Sunday, May 24, 2009

Back in the US of A

Every now and then I get a hankerin' for the Land of my birth and head back home. Right now, I'm writing from my father's apartment in Sun City, Florida. It's gorgeous outside: blue skies, temps in the mid-70s, strange species of Florida birds flitting from one sun-lit tree to another ... what a paradise!

Dad lives in Freedom Plaza, a retirement community just east of Tampa. Here, the average age seems to be north of 70. And when Dad introduces me to his co-residents, he usually starts the introduction with the obvious: 'And this is my son, Tom. Tom lives in Ireland.'

To which the response is usually a glazed look, followed by a moment of dis-belief, and then the inevitable: 'You live in Ireland?' 'Yes Ma'am,' I'll reply. 'And how long have you been there?' '27 years,' I'll state.

Invariably, I will then receive a look of absolute shock. 'You mean you don't live in America anymore?' 'No Ma'am.' 'Don't you want to come home?' 'No Ma'am. Well, sometimes maybe.'

This will be followed by a look of confusion tinged with a wee bit of suspicion. 'Don't you like your own country, young man?' And I know that no matter how much I might explain, my absense from America will always generate a certain level of mis-understanding and mis-trust among my fellow Americans.

If You Live Abroad, Many Americans Will Never Understand
If you plan on uprooting your existence to move to Ireland or anywhere else in the world, be prepared for a shock: many Americans that you know will never appreciate your decision. Be prepared for a certain level of mis-trust and skepticism. Be prepared for all sorts of accusations being leveled in your general direction, including my all-time favourite, that leaving America simply isn't patriotic.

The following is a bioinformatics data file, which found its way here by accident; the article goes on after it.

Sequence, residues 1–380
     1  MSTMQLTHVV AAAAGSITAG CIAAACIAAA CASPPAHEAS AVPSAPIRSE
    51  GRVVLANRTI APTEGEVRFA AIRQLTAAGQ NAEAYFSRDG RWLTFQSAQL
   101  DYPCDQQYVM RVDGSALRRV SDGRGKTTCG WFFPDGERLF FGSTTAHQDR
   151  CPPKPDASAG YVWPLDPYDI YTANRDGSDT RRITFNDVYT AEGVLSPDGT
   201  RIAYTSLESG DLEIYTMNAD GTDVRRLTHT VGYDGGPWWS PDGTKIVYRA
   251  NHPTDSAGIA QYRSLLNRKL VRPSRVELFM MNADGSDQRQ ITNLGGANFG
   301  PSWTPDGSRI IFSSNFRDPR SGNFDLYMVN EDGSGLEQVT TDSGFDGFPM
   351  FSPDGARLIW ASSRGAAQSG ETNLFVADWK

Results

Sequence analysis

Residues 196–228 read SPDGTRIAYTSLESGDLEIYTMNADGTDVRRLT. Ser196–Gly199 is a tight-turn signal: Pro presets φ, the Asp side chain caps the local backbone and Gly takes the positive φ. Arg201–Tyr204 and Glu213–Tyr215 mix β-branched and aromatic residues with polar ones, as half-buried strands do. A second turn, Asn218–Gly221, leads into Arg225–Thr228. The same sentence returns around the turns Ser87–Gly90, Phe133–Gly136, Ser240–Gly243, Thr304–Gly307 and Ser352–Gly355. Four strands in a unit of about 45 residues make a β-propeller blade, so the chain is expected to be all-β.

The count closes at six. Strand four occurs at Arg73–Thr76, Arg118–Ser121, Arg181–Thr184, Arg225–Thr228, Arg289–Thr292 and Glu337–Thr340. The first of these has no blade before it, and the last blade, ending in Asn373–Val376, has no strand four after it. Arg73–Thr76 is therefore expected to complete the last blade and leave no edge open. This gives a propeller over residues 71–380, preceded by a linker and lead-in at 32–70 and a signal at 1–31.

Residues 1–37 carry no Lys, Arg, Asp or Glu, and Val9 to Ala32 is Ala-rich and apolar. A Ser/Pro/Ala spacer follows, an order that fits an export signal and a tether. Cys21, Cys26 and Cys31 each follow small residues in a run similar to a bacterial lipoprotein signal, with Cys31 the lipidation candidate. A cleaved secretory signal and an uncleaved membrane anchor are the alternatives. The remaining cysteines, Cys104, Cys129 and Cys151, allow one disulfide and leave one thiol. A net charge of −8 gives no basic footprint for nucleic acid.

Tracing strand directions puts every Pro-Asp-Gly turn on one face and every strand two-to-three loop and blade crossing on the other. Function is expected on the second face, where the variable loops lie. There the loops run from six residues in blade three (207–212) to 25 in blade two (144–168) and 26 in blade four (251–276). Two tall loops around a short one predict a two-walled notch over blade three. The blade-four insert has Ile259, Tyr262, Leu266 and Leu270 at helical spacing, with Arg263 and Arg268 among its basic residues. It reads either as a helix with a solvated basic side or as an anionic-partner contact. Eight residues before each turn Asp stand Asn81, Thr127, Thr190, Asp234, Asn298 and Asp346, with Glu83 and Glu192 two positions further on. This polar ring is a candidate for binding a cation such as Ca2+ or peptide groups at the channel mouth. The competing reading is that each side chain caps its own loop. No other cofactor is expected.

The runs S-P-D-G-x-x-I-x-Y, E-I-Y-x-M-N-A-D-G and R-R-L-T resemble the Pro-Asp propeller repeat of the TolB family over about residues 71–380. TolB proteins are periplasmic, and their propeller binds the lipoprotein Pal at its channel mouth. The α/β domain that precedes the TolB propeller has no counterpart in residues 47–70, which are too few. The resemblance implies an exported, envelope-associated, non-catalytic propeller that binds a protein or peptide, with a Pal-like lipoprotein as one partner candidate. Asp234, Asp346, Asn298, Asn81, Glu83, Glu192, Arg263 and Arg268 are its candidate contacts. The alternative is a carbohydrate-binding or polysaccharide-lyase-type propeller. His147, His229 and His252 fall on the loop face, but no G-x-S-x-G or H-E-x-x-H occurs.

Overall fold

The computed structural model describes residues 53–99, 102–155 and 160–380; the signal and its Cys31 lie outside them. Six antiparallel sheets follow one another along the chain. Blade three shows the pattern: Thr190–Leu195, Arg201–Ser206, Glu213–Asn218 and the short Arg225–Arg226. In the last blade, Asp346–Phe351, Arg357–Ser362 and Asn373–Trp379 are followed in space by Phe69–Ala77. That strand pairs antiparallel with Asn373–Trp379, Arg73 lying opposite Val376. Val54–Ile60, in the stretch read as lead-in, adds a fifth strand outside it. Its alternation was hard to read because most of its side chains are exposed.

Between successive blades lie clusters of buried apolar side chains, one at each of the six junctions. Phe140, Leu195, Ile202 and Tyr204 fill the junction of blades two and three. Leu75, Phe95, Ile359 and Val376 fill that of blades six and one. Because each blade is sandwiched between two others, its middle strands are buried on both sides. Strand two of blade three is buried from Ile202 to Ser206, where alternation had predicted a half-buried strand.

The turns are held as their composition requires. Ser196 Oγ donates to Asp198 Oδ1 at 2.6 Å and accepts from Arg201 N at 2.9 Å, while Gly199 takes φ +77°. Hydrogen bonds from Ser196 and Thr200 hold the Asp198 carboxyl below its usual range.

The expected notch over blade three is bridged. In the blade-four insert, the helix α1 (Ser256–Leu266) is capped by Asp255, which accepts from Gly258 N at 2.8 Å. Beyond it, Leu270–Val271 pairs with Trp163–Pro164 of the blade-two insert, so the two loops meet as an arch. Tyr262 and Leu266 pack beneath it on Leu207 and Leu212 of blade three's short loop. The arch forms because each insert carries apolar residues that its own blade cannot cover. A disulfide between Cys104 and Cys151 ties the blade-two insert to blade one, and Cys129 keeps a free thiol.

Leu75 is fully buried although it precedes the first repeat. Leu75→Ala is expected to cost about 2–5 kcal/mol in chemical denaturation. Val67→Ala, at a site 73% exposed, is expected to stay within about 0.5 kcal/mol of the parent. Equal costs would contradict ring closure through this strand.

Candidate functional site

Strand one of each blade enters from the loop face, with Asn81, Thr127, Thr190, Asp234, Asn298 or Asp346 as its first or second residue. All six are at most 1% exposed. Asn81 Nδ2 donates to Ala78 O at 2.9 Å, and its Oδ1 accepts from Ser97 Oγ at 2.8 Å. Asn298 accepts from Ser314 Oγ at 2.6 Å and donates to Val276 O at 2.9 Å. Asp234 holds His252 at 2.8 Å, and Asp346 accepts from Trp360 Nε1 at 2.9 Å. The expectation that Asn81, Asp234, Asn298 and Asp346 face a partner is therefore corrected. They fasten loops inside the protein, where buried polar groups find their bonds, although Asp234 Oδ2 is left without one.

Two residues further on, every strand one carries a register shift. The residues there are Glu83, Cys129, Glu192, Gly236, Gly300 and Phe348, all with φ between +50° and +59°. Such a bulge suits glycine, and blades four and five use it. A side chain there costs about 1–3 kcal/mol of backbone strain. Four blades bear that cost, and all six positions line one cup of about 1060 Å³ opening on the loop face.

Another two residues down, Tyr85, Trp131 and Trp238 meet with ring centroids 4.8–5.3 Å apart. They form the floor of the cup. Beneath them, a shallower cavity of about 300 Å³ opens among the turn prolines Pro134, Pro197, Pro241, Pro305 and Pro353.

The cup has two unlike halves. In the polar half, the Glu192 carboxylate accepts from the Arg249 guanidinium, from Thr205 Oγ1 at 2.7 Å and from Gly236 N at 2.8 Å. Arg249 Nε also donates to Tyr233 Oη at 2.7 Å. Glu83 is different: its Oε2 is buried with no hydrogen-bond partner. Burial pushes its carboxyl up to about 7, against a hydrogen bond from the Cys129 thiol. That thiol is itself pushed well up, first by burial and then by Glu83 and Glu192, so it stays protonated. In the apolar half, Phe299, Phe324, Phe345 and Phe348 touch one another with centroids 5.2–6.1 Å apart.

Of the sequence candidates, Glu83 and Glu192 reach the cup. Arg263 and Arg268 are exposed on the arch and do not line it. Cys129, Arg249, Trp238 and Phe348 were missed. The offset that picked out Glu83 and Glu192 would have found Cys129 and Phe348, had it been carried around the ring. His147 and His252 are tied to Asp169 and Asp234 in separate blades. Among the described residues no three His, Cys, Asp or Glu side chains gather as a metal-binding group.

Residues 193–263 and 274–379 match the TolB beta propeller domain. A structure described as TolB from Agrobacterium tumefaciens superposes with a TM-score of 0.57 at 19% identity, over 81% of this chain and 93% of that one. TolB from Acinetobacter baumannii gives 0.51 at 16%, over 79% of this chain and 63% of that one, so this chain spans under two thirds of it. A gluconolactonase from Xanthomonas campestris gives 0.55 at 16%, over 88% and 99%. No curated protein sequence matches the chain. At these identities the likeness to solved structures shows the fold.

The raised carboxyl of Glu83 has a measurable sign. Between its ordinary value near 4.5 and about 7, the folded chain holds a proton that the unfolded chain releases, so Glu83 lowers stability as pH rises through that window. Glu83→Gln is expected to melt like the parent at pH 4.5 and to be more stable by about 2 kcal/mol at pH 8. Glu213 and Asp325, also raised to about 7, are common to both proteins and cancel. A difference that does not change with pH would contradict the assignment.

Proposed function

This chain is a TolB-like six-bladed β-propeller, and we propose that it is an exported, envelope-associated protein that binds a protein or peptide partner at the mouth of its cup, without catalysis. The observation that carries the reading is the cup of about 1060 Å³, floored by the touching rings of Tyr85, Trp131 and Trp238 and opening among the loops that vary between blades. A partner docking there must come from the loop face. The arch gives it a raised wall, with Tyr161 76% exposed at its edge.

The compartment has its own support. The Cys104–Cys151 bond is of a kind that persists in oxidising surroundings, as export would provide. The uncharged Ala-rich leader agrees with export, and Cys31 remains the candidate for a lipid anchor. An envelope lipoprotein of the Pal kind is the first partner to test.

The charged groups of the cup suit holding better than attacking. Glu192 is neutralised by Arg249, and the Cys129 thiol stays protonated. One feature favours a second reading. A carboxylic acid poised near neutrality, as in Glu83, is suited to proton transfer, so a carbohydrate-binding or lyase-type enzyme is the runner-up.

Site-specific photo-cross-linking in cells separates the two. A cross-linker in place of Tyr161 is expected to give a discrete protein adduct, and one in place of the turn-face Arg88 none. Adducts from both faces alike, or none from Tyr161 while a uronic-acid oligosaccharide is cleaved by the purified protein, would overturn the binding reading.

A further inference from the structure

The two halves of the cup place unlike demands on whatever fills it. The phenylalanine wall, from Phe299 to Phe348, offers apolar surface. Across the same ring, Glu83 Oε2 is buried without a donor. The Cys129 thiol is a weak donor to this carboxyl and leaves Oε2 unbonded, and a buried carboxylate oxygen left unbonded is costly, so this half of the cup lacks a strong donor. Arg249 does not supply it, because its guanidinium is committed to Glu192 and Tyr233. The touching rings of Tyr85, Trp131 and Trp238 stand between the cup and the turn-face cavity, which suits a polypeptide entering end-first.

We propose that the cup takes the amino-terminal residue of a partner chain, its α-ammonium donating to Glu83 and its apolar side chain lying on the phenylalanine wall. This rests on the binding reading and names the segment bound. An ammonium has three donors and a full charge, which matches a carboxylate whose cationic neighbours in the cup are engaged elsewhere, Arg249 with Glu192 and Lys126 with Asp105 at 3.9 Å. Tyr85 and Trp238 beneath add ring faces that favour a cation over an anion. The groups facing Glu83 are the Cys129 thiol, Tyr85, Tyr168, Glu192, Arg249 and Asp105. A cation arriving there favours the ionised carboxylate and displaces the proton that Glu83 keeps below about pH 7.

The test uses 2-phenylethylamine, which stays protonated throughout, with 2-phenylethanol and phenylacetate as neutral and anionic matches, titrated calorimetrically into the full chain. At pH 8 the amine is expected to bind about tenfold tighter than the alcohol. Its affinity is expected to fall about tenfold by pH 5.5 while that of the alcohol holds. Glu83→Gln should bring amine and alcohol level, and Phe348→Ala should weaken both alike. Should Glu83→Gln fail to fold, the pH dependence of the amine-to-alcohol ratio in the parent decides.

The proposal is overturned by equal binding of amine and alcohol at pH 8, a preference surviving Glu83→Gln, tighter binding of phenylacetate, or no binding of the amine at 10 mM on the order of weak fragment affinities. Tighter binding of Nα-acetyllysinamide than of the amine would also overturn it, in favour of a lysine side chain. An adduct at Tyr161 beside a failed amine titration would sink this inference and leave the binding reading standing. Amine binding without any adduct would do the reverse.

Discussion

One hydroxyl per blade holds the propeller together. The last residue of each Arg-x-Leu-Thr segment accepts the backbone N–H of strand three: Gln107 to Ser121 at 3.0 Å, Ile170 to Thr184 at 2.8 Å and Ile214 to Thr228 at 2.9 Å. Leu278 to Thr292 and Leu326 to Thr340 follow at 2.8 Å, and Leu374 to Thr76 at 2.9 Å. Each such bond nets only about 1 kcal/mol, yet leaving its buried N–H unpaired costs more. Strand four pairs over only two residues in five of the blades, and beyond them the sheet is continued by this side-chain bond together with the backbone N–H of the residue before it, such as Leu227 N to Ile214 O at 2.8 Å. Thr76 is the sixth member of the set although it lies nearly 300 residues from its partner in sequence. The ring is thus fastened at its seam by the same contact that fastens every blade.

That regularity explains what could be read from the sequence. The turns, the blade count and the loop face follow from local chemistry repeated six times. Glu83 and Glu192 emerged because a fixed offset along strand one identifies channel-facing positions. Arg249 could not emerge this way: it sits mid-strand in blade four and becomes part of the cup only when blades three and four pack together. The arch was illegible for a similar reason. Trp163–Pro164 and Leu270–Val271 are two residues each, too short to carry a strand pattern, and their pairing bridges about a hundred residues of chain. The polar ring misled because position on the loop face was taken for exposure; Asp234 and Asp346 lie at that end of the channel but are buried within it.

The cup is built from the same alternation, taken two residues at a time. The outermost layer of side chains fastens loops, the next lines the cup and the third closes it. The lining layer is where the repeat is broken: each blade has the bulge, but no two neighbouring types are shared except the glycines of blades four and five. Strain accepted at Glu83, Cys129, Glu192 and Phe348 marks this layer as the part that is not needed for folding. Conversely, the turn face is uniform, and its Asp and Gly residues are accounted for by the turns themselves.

Be prepared for silly, sometimes outrageous, thinking from others on why you've chosen to leave the country of your birth. Oh, you might tell people the honest truth: that you simply want to see how the rest of the world lives. Or you might acknowledge that you're interested in new cultures and a different way of thinking. But whatever reasons you might state, those reasons can be twisted by some, and a minority will invariably start a whispering campaign whose sole focus is to get to the bottom of your true reasons for leaving America:

'That Tom just never fit in. He's had to run away with his tail between his legs.'

'What's wrong with that fellow? Doesn't he realise that America is the best country on earth?'

'Good thing he left! He obviously hates America. The country is better off without him.'

And no matter what you say, or how you try to explain, a small minority will always view you with a certain level of derision, suspicion, and whispered dis-like. But take heart! You'll be living thousands of miles away. So you won't have to listen to it. Not all the time anyway.

But enough of the lesson. This morning, I accompanied Dad to Mass at the local Catholic Church. I was astounded to find that Mass here takes over an hour! In Ireland, Sunday Mass lasts only 30 minutes or so. I pointed this out to Dad, and had a handy explanation for the difference:

'I'm worried about you guys, Dad. Mass here takes twice as long as in Ireland. Must be due to the fact,' I said, with a twinkle in my eye, 'that the Irish are just that much holier than you folks here. They only need to pray half as long for the same result.'
Dad is pondering on this view, and I know I'll hear his counter-argument shortly.

For more stories on living in Ireland, you might like to try my book, A Survivor's Guide to Living in Ireland.

No comments:

Post a Comment